Because isometric detrusor contraction pressure (Piso) increases with outlet obstruction and maximum urinary flow rate (Qmax) tends to decrease with obstruction, we hypothesize that specific criteria consisting of a combination of high Piso and low Qmax may be able to differentiate obstructive from nonobstructive voiding dysfunction better than either parameter alone.Two hundred five men with lower urinary tract symptoms underwent uroflowmetry and videourodynamics, including cystometry, continuous outlet occlusion test, and micturitional urethral pressure profilometry. Combined threshold values of Qmax of less than 12 mL/s and Piso of 100 cm H2O or greater were used to predict obstruction, whereas threshold values of Qmax of at least 12 mL/s and Piso less than 100 cm H2O were used to predict nonobstruction.Of the 205 patients, 103 (50%) were significantly obstructed and 102 (50%) were only mildly obstructed or nonobstructed. Of the total population, 151 patients (74%) were categorized by the combined flow and contractility criteria. Of the categorized patients, 141 (93%) were correctly diagnosed with regard to infravesical obstruction (sensitivity 89%, specificity 97%, positive predictive value 97%, and negative predictive value 91%).A combination of Qmax and Piso criteria can predict obstructive and nonobstructive voiding dysfunctions with high positive and negative predictive values in most patients with lower urinary tract symptoms. Combining the results of uroflowmetry and isometric tests may help to guide treatment strategies that may improve the outcome of selected therapeutic options compared with strategies based on symptoms or uroflowmetry alone. Furthermore, this approach forms a basis for interpreting various noninvasive methods that have recently been introduced for the purpose of diagnosing bladder outlet obstruction.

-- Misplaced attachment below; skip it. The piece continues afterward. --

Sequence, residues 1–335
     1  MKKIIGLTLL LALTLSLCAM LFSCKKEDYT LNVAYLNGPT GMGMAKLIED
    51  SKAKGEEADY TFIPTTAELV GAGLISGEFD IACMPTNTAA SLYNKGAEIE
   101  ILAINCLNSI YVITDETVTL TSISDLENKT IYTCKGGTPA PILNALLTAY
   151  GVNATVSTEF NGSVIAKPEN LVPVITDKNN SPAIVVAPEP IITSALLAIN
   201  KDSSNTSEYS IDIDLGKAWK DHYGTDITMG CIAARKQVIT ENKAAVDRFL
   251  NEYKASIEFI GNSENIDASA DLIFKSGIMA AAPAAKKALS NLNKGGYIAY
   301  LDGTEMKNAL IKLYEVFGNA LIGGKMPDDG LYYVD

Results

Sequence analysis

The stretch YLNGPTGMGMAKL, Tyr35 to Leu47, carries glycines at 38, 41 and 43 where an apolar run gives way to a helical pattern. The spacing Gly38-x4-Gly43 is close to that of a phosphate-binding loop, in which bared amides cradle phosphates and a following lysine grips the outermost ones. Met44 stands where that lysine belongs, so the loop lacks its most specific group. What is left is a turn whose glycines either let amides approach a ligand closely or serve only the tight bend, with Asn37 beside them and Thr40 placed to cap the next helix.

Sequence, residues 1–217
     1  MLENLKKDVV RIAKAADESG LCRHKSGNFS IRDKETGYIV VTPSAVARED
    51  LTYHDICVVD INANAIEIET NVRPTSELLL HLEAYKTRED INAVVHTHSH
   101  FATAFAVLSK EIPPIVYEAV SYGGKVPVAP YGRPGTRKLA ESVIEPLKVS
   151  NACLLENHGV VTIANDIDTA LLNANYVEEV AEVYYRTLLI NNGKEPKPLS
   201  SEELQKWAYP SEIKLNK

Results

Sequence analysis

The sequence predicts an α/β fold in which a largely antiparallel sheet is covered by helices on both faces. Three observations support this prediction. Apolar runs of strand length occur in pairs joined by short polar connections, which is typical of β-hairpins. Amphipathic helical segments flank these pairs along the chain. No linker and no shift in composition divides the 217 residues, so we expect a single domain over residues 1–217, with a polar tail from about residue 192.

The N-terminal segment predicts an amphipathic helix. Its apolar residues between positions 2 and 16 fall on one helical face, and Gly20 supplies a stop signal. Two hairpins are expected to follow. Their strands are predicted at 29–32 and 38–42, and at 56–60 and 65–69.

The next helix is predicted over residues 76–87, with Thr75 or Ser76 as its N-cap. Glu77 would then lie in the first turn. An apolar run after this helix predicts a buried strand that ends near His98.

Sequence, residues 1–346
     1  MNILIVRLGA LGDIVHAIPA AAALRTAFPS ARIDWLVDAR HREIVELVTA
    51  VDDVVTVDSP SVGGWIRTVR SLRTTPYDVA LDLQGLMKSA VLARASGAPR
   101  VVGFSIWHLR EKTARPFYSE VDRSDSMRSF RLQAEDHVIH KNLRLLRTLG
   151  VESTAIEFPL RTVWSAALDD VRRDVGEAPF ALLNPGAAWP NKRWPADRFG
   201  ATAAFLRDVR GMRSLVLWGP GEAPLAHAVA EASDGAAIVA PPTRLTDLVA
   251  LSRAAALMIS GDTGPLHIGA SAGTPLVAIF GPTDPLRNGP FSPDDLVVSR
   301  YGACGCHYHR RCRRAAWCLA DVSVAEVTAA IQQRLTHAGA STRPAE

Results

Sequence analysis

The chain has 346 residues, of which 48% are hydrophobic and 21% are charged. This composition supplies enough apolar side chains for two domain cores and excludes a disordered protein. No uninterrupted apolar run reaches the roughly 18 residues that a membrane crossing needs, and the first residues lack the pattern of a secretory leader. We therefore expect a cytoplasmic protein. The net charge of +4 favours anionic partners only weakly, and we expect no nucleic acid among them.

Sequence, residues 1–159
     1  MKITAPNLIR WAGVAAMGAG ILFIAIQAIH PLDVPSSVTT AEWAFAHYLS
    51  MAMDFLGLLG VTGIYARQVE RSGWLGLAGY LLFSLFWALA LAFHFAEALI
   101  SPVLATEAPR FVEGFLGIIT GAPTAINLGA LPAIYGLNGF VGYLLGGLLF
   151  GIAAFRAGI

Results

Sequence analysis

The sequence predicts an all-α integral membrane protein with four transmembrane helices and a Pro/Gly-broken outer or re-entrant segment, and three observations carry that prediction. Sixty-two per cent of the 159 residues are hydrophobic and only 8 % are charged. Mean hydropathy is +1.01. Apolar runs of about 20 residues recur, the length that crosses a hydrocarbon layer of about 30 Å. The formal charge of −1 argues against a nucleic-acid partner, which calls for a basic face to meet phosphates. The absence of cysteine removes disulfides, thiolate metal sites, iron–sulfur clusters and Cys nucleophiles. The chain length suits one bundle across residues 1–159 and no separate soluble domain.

View details for Web of Science ID A1996VR74800013
View details for PubMedID 8911516